The role of first principles in problem solving in the “AI” era
Speaker: Dr. Yi Ren - Arizona State University, Tempe, AZ
Date: Sep 10, 2021; Time: 2:30 PM Location: WebEx
Abstract: It is commonly believed that understanding, building, and controlling complex engineering systems require data-driven methods beyond first principles. Often these methods are boasted as “AI”. Yet data-driven methods are known to lack risk certification, i.e., we don’t have principled knowledge about when they will fail or how badly if they do. This challenge has created a recent surge of efforts in “baking” first principles into data-driven methods, leading to new learning theories, algorithms, and applications. In this talk, I will go through three studies across the spectrum where first principles play a significant role in mitigating the risks induced by data-driven models. The first study investigates an optimal solution generator governed by the Karush-Kuhn-Tucker conditions, with applications to accelerating topology optimization. The second discusses the approximation of open-loop solutions to the Hamilton-Jacobi-Isaacs equations for incomplete-information differential games, with applications to safer human-robot interactions. The last investigates certifiable attribution of generative models, with applications to DeepFake regulation.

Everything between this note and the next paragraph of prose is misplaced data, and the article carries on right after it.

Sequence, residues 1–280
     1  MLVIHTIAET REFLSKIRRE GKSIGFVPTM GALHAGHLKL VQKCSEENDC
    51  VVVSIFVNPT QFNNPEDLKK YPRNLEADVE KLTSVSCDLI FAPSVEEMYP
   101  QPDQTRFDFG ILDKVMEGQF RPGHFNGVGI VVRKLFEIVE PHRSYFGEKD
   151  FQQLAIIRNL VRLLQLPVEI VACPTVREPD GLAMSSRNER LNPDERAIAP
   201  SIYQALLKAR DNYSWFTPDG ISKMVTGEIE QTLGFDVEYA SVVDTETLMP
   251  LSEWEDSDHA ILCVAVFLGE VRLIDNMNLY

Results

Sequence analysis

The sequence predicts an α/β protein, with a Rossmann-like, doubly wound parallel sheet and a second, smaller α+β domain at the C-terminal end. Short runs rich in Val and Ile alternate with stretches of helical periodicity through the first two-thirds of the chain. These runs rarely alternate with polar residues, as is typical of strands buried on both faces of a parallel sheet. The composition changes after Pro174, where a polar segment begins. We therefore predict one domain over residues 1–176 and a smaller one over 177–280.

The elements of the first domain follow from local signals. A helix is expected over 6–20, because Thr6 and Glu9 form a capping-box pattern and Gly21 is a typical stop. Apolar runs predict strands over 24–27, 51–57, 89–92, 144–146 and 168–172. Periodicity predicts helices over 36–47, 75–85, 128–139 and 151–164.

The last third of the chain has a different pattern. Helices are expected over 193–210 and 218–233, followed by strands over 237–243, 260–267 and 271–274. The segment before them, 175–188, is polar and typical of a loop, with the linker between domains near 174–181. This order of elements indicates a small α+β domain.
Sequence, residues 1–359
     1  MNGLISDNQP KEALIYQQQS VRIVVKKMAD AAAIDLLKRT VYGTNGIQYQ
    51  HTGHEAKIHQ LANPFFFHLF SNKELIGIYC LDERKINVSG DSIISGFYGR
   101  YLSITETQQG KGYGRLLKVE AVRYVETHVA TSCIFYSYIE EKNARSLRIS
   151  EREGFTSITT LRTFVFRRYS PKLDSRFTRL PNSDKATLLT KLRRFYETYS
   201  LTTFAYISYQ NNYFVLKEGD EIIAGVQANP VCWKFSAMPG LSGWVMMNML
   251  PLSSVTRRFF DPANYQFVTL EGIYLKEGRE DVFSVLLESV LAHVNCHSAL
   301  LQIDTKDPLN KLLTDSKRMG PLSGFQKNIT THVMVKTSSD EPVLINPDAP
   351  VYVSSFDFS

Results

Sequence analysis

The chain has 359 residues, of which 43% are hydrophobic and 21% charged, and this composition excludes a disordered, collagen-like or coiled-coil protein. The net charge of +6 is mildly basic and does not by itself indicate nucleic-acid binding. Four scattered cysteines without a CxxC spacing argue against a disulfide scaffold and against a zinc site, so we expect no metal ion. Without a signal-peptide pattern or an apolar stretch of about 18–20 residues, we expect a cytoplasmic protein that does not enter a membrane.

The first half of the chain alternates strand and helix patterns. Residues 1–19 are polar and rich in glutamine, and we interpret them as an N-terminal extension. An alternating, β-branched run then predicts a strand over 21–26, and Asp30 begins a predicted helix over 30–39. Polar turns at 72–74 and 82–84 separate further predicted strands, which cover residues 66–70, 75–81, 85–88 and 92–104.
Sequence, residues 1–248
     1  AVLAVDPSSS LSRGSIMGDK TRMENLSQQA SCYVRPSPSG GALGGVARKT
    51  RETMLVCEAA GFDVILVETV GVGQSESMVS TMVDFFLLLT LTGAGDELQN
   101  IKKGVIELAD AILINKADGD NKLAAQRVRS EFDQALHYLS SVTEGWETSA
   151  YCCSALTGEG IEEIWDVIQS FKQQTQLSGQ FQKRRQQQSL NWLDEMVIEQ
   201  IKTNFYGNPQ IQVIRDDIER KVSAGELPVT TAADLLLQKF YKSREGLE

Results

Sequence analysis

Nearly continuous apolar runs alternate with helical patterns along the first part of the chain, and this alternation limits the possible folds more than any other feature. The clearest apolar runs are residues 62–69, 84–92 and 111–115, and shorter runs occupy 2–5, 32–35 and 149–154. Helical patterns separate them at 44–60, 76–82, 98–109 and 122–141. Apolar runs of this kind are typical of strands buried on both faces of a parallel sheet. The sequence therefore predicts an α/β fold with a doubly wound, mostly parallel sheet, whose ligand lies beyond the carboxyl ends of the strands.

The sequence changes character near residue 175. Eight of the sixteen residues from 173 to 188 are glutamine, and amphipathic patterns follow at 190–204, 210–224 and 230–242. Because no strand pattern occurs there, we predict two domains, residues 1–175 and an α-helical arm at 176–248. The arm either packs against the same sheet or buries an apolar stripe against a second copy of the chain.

Biographical Sketch: Dr. Yi Ren is an Assistant Professor with the Department of Aerospace and Mechanical Engineering at Arizona State University. He got his BEng in Automotive Engineering from Tsinghua University in 2007 and his PhD in Mechanical Engineering in 2012 from the University of Michigan, Ann Arbor, where he also worked as a Postdoc before moving to ASU in 2015. His research focuses on developing robust machine learning methods for risk-sensitive engineering systems, with applications to structure/materials design and autonomous driving. He has won multiple NSF grants from system engineering, materials science, robotics, and cybersecurity programs, the Amazon Machine Learning Award (2019), and the Best Paper Award at the ASME International Design and Engineering Technical Conferences (2015). He leads the planning of an ASU NSF AI institute for 4D materials design.